Research Communications

Justin Holub to discuss nature’s impact on innovation at Dec. 3 Science Cafe 

By Angela Keane

Dec. 1, 2014

Nature's form and function have inspired countless innovations throughout recorded history, from architecture and engineering, to art and sculpture and even therapeutics and medicines. Justin Holub, an Ohio University assistant professor of chemistry and biochemistry, looks for inspiration from nature at the macro-, micro- and nanoscale levels.

He'll talk about the subject, "Bio Mimicry: How Nature Inspires Mankind's Innovation," during the next Science Café, to be held at 5 p.m. Wednesday, Dec. 3 in the Baker Center Front Room.

"I think that most people will find the intimate, sometime subtle, connection between the natural world and mankind's innovations particularly interesting. I would like for the audience to be inspired by the surrounding world and get ideas on how to look at the natural world, which can inspire a lot of designs and ideas," Holub said.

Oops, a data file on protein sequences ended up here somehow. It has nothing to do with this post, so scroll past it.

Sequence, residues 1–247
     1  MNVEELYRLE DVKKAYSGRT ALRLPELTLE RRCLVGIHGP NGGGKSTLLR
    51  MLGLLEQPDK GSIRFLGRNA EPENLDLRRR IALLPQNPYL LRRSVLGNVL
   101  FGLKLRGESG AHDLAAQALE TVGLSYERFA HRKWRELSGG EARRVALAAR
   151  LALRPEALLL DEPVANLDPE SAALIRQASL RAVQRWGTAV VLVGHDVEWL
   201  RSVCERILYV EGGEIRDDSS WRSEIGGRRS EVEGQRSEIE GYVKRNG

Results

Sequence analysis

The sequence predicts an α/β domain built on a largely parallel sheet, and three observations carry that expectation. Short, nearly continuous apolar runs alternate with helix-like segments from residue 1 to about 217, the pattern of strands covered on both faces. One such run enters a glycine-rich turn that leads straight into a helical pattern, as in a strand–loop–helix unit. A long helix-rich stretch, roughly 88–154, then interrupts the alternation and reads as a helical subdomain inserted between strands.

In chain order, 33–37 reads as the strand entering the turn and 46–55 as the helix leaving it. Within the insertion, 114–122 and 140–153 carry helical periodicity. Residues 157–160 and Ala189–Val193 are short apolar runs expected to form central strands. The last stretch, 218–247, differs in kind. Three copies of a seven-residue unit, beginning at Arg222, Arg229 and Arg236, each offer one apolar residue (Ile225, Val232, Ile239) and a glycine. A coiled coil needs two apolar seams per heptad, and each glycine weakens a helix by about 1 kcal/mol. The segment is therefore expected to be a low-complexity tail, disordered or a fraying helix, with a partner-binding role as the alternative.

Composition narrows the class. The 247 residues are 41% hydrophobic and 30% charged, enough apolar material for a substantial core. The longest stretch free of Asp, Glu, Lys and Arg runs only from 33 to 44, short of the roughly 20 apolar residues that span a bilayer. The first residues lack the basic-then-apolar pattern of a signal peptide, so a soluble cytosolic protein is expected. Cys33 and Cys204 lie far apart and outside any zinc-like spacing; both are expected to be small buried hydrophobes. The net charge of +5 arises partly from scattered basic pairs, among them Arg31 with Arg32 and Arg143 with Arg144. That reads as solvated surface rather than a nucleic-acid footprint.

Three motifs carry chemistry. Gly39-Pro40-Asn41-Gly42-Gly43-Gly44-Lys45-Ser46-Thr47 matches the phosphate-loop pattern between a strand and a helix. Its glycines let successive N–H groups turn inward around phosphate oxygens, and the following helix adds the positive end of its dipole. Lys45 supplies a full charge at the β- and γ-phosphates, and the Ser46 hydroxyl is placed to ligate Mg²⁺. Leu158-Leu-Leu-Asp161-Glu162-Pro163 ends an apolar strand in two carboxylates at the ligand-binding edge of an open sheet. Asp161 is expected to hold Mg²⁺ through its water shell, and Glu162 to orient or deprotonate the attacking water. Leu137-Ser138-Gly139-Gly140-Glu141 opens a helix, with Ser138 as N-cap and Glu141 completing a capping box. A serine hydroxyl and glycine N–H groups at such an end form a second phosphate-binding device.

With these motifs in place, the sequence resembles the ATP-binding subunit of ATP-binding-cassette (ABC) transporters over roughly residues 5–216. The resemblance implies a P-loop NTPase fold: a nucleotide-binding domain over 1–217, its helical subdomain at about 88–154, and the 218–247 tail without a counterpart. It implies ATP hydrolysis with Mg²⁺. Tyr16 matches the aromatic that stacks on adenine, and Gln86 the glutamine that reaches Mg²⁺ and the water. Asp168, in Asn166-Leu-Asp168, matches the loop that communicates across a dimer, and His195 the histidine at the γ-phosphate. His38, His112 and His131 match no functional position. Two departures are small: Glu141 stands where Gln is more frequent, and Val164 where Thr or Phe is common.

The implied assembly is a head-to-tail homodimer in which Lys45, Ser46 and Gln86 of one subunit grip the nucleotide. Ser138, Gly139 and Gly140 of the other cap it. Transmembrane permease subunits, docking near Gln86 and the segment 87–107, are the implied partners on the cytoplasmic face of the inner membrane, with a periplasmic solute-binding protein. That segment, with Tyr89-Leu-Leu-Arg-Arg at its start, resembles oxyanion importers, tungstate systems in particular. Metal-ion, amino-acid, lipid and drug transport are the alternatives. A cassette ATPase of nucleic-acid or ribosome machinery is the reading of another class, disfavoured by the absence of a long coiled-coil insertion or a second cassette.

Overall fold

His talk will spotlight how innovators are using nature's design rules as an inspiration for advancing next-generation medicines and therapeutics.

"Molecular components of bee venom, scorpion toxins and spider silk are being used to engineer therapeutics that hold promise for the treatments of debilitating diseases such as cancer and autoimmune disorders," he said.

Science Cafés are a venue for students to informally share their interests during a conversational exchange with faculty, staff and the community in a friendly setting. Free coffee is offered to the first 50 attendees, and participants who ask questions will win a free T-shirt.

The program is supported by the Ohio University Office the Vice President for Research and Creative Activity and Sigma Xi.

For a full schedule of 2014-15 speakers, visit: